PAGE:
Though Armstrongs and Elliots may from time to time have been able to use "pretence of blood or place of their dwelling" (i.e. their cousins and tenants) to defy "the lord of the ground", this depended far more on the weakness then of the crown than on the power of such Border families; unlike the sort of enduring strength drawn by Mackintoshes and Camerons from their separate shared culture, internal relationships, and paternal governance. Once again however, to harassed royal clerks, one bunch of unruly brigands living in the mountains beyond the normal reach of the forces of law 'n' order must have appeared much like another; hence the confusion of language in a one-off document that some Lowland lairds have since tried misguidedly to use to rewrite the history of clans.

The unique challenge presented by the clans, to what in 1603 became the British crown, is well illustrated by the policies enshrined in the famous Statutes of Iona which were drawn up, not in Edinburgh, but in the Highlands, in 1609. Their intention was that "bipast savaigenes and barbaritie ... may be ruted oute, and that civilitie, oure obedyence, and trew religioun (the onlie meane to preserve bothe), may be planted." The religious emphasis reflected the fact that they were compiled by the Bishop of the Isles, and the use of the word "planted", at the time of the Ulster Plantation, is no mere coincidence, since the government of King James VI & I had for some years been attempting to pursue policies in the western Highlands and Islands that were very similar to those then being executed in northern Ireland. Attempts to divorce regional potentates from their followers by having them play court to the King or Privy Council in the capital city, and to insist their children be educated in the language of the ruling elite, were standard policies pursued by centralising monarchies throughout western Europe at this time. The intentions expressed in the Iona Statutes, and in later more widely drawn legislation, to restrict chiefly households, to banish bards, and to abolish sorning, conzie, and calps, are however more precisely pointed at the historic social and cultural practices that distinguished Na fineachan Gàidhealach from the following of a Lowland lord or a Border reiver.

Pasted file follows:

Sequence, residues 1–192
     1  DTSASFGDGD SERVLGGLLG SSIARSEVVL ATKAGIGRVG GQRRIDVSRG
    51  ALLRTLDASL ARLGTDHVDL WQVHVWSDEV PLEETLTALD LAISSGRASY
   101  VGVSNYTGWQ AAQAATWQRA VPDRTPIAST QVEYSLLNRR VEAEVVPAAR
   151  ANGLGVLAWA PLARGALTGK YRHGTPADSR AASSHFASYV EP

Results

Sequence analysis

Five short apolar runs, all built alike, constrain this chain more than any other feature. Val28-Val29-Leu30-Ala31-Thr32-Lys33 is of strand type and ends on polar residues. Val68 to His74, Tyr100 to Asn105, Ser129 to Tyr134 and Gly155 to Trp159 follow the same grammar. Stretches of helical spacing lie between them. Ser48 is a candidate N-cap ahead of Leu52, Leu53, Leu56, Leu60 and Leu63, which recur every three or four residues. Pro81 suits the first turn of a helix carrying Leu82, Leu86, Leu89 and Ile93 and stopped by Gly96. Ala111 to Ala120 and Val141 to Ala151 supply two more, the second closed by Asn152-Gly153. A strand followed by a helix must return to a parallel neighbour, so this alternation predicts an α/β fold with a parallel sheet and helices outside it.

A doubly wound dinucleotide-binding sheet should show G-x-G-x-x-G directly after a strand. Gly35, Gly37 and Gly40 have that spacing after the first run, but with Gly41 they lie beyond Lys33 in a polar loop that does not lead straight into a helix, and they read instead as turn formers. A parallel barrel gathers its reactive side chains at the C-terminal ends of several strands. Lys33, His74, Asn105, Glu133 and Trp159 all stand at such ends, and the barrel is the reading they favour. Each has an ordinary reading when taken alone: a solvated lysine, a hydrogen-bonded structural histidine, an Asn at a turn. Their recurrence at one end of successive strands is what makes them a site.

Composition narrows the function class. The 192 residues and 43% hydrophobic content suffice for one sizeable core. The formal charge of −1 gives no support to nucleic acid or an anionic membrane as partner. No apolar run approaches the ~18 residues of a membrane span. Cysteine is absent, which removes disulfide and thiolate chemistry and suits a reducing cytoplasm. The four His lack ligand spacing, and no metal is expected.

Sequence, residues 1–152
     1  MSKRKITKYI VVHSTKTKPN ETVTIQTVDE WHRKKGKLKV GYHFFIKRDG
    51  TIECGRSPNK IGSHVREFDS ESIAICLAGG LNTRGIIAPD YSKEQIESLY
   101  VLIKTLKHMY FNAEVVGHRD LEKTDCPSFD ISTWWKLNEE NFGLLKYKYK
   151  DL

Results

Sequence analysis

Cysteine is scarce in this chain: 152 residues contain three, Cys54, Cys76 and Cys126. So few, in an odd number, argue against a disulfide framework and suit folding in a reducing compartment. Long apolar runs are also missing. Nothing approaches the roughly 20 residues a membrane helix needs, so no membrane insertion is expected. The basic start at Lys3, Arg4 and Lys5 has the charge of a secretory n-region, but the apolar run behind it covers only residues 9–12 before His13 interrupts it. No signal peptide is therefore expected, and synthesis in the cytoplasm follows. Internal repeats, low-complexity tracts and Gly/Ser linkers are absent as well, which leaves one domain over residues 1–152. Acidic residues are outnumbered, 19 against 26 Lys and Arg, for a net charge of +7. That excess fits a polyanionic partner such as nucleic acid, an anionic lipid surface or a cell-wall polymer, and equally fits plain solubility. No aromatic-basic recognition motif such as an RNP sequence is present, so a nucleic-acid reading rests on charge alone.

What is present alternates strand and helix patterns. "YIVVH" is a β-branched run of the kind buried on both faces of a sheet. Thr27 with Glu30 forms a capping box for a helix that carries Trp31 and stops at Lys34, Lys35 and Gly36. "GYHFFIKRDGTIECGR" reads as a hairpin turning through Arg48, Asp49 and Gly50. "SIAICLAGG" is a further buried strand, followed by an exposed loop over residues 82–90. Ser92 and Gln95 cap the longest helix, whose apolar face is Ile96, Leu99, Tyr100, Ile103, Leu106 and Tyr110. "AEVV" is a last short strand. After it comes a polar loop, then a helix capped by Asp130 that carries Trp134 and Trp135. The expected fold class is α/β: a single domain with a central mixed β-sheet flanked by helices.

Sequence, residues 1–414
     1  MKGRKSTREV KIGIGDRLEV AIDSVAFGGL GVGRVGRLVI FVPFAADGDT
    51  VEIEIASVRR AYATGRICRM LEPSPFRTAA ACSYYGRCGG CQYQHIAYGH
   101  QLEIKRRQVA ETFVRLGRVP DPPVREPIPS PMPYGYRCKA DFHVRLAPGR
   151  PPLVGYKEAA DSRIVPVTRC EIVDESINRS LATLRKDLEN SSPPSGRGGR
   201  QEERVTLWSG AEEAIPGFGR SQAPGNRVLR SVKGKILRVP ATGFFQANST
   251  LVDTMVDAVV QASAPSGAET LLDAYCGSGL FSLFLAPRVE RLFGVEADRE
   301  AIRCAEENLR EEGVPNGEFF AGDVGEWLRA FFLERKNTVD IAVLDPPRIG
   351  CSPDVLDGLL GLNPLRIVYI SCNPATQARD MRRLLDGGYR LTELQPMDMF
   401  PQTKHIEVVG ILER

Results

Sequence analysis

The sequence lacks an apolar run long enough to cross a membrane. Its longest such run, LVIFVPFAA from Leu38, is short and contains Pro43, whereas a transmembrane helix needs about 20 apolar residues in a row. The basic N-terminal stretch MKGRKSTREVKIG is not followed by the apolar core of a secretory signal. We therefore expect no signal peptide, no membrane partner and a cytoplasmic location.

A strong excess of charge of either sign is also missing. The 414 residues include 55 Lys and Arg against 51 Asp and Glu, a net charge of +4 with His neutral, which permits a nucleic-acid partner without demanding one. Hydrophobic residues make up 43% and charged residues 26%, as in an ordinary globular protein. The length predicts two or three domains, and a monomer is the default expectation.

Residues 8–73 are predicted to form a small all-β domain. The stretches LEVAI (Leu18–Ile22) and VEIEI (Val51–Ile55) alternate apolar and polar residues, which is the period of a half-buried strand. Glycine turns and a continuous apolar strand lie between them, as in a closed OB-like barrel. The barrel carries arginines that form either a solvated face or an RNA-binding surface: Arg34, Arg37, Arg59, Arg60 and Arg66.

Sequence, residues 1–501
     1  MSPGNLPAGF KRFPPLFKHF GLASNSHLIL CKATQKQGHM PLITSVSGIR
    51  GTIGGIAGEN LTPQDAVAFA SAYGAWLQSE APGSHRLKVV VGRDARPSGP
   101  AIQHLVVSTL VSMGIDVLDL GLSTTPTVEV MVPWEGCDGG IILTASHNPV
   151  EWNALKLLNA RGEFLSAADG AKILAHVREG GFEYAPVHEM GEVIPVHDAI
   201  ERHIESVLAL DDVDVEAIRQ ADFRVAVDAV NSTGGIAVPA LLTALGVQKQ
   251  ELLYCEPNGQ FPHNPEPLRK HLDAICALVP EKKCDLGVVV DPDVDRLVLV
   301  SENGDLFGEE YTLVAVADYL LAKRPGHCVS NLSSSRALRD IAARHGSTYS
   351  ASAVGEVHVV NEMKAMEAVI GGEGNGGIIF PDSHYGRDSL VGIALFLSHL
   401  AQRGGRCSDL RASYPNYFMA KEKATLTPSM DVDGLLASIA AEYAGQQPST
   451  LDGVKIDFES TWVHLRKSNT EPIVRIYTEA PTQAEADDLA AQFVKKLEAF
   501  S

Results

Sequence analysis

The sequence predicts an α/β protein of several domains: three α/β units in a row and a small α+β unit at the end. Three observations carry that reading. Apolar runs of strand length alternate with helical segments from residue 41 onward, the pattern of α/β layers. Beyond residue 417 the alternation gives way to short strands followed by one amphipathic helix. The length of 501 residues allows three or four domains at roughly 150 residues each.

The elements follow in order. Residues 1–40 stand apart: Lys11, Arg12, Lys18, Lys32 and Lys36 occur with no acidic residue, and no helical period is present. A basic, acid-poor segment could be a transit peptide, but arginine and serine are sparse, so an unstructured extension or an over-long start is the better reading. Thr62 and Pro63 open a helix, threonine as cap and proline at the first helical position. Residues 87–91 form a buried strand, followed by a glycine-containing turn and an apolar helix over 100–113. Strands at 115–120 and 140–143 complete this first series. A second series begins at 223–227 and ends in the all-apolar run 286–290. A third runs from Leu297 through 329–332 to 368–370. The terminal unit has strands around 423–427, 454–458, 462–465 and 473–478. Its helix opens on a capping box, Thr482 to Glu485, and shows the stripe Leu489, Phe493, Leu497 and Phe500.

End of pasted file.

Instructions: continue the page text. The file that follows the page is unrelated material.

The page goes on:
Whether the failure of the government to follow through on its early 17th century policies of extermination and plantation in the Highlands and Isles was due to a lack of determination or of sufficient means is a matter for debate; but its subsequent reliance on what it would call "loyal" clans, like the Campbells and MacKenzies, to rout out "rebel" clans like the MacDonalds and MacLeods, would have made any serious attempts thereafter to destroy clan culture and power somewhat self-defeating. So instead the government pursued a policy of simultaneously bad-mouthing the culture that gave the chiefs their real power, whilst at the same time trying to tame them with legal entanglements that nominally tied their chiefship to a system of heraldry and land-holding that the crown controlled.